Behind the scenes of a world-class attraction
Dunedin could become a world-class cycling destination, writes Dunedin City Councilor Rachel Elder.
Imagine if Dunedin had a cycle route so exciting, so dramatic and so compelling that people all over the world would want to ride it. A world-class destination.
With spectacular falls, dark tunnels and towering viaducts, the Taieri Gorge from Hindon to Pukerangi could be part of such a trip.
With landscapes reminiscent of the Lord of the Rings with its steep hills, rocky outcrops and steep river valleys, the trail takes you on a journey of wild and rugged beauty.
The trail itself has many secrets and stories to tell those who walk its winding paths.
To top it off, this ride has a gentle incline and wide turns, making it accessible and passable for the vast majority of people, especially with the advent of e-bikes.
The big bonus is that Dunedinians could ride it for free all year round.
The new Dunstan Lake Trail is a great example of the power of attraction of a spectacular hike. Located in a similar setting and featuring an exciting overhanging bike path with dramatic elevation changes, this trail records 62,000 visits from cyclists and pedestrians in its first nine months of operation.
The economic impact is estimated between 10 and 12 million dollars during its first year of operation. This, during a confinement, and few visits from Auckland and no international visitors.
Before the lockdown, more than 83% of cycle lane users were New Zealanders. For a growing number of people, the e-bike is allowing them to experience New Zealand outdoor adventures they could only dream of before – and they love it.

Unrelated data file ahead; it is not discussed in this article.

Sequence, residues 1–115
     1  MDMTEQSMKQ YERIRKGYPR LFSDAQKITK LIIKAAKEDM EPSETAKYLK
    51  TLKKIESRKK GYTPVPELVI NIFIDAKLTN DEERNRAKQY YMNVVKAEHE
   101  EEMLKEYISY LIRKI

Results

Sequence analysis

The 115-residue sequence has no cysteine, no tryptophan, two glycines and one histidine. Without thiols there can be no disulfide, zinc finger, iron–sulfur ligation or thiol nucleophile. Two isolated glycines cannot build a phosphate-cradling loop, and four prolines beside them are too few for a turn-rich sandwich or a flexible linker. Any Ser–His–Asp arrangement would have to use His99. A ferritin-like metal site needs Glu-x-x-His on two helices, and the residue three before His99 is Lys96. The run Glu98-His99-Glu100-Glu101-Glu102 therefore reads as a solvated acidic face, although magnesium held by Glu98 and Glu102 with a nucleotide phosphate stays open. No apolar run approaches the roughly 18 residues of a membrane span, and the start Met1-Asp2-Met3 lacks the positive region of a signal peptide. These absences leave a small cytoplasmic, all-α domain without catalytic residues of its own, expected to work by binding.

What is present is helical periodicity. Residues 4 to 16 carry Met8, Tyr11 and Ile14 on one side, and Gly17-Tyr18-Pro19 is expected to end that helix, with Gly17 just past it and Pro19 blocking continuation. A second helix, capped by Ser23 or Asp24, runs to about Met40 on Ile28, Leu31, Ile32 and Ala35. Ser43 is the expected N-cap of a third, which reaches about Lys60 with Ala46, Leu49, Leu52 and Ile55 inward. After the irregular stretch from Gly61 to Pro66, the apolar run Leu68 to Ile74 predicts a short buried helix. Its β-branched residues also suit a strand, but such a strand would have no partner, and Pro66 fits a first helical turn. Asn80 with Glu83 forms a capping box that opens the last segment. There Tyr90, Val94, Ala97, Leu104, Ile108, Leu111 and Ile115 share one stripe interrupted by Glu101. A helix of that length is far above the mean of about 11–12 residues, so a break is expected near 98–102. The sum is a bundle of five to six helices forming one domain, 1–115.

No more obstacles related to mobility problems, the need to be in top shape, the fear of steep slopes and headwinds. Here to Stay is a whole new way to travel, so close to nature that you can feel it, slow enough that you can stop and breathe it in, and gentle enough that you won’t wake up paralyzed in pain.
The Alps to Ocean Trail is 300 km long and its economic benefit to the Waitaki and MacKenzie region is over $27 million per year and growing every year. It has been named one of the top 50 destinations in the world.
With plans to link Queenstown to the Dunstan Trail, the Queenstown to Dunedin Trail would be around 300km long and would draw tens of thousands of cyclists through central Otago to Dunedin, creating similar economic benefits for the region. , Middlemarch being one of the biggest single recipients.
The bonus for Dunedin is that many would stay at least one night and explore our beautiful Harborside cycle routes, mountain bike trails and many historic and wildlife attractions. Cyclists stay longer and spend more than your average tourist, between $260 and $300 per day. In theory, if the trails brought 40,000 cyclists a year to Dunedin for one night, the minimum spend would be $10.4 million or $20.8 million for two-night stays.
Even better, by creating a bike path, we are creating a free asset for the people of Dunedin to explore and have adventures. This is sustainable low-carbon domestic tourism. It is also a product that increases people’s physical and mental well-being and connects them to nature and the outdoors.
Could we have two iconic attractions – Dunedin Railways excursion trains in the Seasider/Taieri Gorge and a world class cycle route connecting to the Central Otago Rail Trail and a Coastal Walk that connects to Oamaru?
We have decisions to make about an asset that belongs to all the residents of Dunedin: the Taieri Gorge Railway.
We love our iconic train journey through the Taieri Gorge – which only goes as far as Hindon.
Could we build a cycle path up the river from Outram Glen to Hindon, then over the spectacular railway line from Hindon to Pukerangi and then to Middlemarch, connecting to the Central Otago Railway Trail? A world-class cycling attraction that would bring economic gain and jobs to Dunedin and all rural towns in central Otago?
These are tough questions but they are the ones we need to consider as a city.
The world and the way people want to see the world is changing. We need to make good long-term decisions that will benefit our children, youth, families, and individuals of all abilities, ages, cultures, and socio-economic backgrounds. Create a city where people want to visit, study, work and play.
We need good data and information on the economy and growing trends to help us make sound decisions about an incredible asset that belongs to the people of Dunedin.